If like me you are a big fan of strength training, you will already be feeling the benefits of regular lifting; improved bone density, a better metabolic rate from an increased lean mass, and a reduced risk of high blood pressure and cardiovascular disease are widely known medical benefits. But that’s not all – there are also plenty of subjective gains, such as the great feeling of vitality you have from feeling strong, the reduced risk of injury by having strong tendons and ligaments, better posture (if you are training correctly), a reduction in stress and anxiety by channeling this energy into your sessions, and of course the improvement in confidence and self-worth that comes with achieving a more muscular physique.
It can get to a stage … where your strength training sessions become routine and a bit boring, and in some cases you may hit a plateau. If this happens to you, it’s time to add in some more advanced techniques to your regime and shake things up.
It can get to a stage, though, where your strength training sessions become routine and a bit boring, and in some cases you may hit a plateau and stop getting any stronger. If this happens to you, it’s time to add in some more advanced techniques to your regime and shake things up. Now these techniques do not have to totally change how you are training, but can be used to break the week up, serve as short-term protocols in a more long-term goal, or simply help you overcome a bump in the road that’s stopping you progressing.
So here are my top strategies to take your strength training to the next level.
Barbell complexes are a series of exercises that are performed one after another using a barbell with no rest in between. Most importantly, the bar cannot be put down until the full sequence is completed.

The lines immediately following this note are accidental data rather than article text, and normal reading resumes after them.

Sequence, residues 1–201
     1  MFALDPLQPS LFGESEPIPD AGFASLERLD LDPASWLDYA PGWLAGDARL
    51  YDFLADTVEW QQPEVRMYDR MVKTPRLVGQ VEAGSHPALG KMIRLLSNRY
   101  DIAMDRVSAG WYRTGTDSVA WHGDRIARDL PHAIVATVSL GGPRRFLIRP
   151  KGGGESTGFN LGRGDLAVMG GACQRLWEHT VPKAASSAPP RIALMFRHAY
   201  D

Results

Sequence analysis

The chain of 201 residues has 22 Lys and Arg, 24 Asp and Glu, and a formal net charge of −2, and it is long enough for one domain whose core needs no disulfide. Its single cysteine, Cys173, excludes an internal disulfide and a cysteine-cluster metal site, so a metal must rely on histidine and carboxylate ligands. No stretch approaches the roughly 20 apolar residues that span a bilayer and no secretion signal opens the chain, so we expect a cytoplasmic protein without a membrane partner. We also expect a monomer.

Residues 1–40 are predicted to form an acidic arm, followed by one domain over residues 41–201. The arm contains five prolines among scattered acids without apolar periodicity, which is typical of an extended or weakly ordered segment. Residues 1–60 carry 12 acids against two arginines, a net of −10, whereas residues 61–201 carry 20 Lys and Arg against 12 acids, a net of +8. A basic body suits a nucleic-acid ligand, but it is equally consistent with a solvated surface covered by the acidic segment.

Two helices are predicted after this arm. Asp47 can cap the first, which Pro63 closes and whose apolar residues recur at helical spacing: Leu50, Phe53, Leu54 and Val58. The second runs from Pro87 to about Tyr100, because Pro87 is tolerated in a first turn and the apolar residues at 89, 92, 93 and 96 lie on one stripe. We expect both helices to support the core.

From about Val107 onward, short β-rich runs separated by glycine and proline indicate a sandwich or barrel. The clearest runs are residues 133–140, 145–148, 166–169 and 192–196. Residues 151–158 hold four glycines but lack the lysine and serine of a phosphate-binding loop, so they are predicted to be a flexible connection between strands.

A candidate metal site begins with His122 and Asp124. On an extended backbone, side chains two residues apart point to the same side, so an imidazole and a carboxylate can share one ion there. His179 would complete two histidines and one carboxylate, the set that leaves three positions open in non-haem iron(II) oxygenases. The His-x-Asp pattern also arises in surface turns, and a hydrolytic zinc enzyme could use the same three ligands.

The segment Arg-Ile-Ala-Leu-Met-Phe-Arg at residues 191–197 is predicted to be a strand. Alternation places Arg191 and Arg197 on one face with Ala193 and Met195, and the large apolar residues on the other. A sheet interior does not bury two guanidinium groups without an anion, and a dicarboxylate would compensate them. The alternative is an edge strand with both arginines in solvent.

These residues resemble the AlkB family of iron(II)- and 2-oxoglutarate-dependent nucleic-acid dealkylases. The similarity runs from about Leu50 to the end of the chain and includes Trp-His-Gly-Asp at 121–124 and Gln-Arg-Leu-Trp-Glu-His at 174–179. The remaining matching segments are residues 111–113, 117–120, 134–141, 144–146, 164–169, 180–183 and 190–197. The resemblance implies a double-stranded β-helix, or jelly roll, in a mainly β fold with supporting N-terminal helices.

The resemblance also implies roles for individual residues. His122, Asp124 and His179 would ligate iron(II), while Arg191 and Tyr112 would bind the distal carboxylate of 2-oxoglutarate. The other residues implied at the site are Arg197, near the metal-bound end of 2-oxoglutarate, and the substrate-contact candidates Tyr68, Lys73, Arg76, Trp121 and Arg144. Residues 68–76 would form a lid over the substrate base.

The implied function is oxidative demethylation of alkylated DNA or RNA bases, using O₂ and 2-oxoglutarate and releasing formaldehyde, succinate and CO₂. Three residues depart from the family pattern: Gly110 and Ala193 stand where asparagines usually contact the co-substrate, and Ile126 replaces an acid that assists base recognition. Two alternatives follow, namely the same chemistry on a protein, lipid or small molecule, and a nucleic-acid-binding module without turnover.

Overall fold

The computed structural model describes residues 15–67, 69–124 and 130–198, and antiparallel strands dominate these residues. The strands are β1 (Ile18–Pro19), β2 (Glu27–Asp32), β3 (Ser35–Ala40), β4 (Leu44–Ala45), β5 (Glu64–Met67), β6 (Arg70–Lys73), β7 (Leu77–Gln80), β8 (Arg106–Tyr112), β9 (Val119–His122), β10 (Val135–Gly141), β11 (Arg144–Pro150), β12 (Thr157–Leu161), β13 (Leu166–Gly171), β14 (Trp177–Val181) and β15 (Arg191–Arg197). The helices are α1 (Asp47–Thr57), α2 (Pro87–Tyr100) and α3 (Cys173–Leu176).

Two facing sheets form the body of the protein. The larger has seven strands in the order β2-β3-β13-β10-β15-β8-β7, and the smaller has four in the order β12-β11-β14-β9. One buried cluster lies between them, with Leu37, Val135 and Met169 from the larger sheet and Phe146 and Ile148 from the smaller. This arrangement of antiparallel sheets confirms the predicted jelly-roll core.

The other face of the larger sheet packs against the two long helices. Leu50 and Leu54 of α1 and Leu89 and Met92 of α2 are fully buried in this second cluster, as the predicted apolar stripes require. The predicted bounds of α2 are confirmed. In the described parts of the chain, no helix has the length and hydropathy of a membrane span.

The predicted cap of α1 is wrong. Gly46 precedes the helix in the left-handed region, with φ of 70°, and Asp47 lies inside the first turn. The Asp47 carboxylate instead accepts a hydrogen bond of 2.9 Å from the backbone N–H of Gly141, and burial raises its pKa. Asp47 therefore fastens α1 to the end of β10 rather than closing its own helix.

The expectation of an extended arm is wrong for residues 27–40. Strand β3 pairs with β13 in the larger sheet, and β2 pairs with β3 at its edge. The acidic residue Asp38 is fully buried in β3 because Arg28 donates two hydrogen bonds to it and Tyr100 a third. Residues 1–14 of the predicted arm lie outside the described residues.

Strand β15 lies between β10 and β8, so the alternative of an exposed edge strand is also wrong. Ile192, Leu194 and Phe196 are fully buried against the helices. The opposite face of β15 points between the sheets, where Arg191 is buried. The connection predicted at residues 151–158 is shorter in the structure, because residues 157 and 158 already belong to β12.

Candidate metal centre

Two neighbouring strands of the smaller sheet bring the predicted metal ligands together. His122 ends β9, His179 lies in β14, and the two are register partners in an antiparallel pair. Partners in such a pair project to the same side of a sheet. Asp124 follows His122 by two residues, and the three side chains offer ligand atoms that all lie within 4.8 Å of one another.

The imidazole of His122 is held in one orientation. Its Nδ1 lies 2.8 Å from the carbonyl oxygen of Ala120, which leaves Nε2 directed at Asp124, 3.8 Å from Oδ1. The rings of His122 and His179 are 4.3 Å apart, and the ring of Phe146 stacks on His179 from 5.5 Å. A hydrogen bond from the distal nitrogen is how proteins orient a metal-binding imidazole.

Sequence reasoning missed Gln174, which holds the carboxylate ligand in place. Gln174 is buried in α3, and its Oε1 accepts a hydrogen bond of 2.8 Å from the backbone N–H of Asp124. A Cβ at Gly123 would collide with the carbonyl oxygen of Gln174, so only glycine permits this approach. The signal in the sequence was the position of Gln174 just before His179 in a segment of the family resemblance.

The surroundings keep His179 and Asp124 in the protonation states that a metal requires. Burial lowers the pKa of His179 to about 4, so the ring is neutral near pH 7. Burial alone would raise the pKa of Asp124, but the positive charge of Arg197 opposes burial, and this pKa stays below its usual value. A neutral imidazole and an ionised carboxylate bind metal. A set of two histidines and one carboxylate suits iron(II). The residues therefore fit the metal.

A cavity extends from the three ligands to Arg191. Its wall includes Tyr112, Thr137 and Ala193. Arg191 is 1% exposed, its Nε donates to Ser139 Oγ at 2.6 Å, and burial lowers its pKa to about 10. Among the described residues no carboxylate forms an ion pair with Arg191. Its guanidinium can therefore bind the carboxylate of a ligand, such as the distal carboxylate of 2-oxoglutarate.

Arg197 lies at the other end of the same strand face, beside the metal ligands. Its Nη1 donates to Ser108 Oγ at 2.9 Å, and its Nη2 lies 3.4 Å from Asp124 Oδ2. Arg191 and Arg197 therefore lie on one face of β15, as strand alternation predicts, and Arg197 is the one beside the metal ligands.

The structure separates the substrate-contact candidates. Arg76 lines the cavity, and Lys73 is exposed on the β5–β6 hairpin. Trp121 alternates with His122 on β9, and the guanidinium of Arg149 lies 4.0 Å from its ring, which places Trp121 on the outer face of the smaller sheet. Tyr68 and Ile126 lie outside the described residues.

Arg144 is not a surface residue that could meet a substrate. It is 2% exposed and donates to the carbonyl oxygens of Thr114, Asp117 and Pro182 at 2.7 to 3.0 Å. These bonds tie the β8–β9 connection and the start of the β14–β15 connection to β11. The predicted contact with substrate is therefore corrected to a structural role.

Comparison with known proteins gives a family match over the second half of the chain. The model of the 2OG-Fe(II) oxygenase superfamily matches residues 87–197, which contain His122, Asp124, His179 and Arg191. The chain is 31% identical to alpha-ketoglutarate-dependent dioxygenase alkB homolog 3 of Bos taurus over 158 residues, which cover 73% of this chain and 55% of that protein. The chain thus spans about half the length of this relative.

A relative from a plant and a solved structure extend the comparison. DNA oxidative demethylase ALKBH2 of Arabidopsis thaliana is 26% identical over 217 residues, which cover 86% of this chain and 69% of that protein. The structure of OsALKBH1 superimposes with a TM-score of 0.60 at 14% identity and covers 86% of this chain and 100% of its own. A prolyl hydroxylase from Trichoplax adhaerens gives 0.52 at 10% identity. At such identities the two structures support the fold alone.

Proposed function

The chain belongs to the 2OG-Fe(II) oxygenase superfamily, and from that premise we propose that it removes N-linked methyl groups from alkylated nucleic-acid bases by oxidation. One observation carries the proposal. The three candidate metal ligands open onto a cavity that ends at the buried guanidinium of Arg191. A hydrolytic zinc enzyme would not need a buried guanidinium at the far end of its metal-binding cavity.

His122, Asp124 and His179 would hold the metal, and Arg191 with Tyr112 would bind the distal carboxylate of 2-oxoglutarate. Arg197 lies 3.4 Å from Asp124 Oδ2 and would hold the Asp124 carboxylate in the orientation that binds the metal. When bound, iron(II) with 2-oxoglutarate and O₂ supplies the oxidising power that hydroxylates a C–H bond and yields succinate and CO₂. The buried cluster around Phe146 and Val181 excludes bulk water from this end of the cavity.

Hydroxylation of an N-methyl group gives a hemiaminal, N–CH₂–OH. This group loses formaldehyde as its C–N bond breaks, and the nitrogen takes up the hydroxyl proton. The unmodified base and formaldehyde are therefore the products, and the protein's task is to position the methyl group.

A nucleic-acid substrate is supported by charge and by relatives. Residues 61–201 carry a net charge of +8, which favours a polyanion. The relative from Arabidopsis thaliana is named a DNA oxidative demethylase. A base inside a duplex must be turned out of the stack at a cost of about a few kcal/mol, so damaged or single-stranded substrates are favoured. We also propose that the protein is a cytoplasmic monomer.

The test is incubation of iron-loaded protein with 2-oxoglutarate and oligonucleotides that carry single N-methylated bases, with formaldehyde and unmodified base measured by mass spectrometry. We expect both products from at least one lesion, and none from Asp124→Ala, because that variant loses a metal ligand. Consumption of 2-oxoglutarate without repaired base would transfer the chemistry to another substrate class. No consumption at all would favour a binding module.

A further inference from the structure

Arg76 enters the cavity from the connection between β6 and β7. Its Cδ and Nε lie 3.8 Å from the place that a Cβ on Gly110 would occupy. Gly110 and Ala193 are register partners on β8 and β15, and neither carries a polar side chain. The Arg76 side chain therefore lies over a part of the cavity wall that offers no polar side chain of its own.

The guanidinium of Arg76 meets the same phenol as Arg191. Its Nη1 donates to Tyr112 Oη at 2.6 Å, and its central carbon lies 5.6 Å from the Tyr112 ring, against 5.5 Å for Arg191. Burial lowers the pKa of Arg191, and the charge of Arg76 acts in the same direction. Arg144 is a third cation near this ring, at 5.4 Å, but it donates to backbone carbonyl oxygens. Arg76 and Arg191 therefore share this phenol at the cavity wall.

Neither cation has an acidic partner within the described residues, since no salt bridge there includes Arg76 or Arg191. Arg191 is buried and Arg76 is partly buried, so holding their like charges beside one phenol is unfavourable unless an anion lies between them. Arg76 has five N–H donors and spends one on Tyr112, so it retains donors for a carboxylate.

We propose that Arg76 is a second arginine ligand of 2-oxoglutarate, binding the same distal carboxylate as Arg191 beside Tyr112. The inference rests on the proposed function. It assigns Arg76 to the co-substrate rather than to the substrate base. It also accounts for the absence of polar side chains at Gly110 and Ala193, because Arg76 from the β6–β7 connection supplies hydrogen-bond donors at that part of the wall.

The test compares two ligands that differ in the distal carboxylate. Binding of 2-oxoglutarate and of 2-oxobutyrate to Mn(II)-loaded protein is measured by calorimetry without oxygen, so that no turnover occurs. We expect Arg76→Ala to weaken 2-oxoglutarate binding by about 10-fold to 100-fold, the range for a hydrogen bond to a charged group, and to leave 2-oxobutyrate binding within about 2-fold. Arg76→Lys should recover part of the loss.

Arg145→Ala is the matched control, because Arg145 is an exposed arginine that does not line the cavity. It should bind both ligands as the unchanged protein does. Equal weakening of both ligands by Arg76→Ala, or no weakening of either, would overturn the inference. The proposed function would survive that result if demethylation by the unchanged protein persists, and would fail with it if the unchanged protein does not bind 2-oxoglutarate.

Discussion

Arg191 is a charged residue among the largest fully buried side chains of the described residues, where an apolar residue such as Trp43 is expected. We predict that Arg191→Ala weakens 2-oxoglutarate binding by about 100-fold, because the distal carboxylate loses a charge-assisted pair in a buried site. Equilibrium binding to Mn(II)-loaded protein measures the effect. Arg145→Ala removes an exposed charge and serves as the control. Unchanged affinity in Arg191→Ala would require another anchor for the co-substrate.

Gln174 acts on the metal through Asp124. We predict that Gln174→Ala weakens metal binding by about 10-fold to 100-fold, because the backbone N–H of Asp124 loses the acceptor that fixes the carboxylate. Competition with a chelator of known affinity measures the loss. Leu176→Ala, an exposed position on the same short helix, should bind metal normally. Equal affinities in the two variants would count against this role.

Most complexes will take a couple of minutes to complete, so they will not only leave your muscles feeling like they are bursting, but your lungs will be screaming and gasping for air as if you’d just sprinted a 400m lap around the track.
These exercises boost strength, cardiovascular conditioning, grip strength, mental toughness and lung capacity, increase calorific expenditure during the session, and are a great way to break up the week if you’re on a traditional weight training regime (such as allocating muscles groups to different days). Because you are increasing your repetitions, you will have to lift significantly lighter than you normally would, but while this may sound counter-productive for a strength training programme you can actually increase your total training volume this way, and in some cases lift more across the session.
For example, take a standard strength training protocol of 5 X 5 (5 reps X 5 sets), on a leg day:
Training volume = weight (kg) X reps
- 5 X 5 back squats @100kg = 2500kg volume
- 5 X 5 deadlift @120kg = 3000kg
- 5 X 5 split squats @40kg = 2000kg
- 5 X 5 bench step-ups @40kg = 2000kg
- 5 X 5 calf raises @100kg = 2500kg
Total volume = 12000kg or 12 tonnes of volume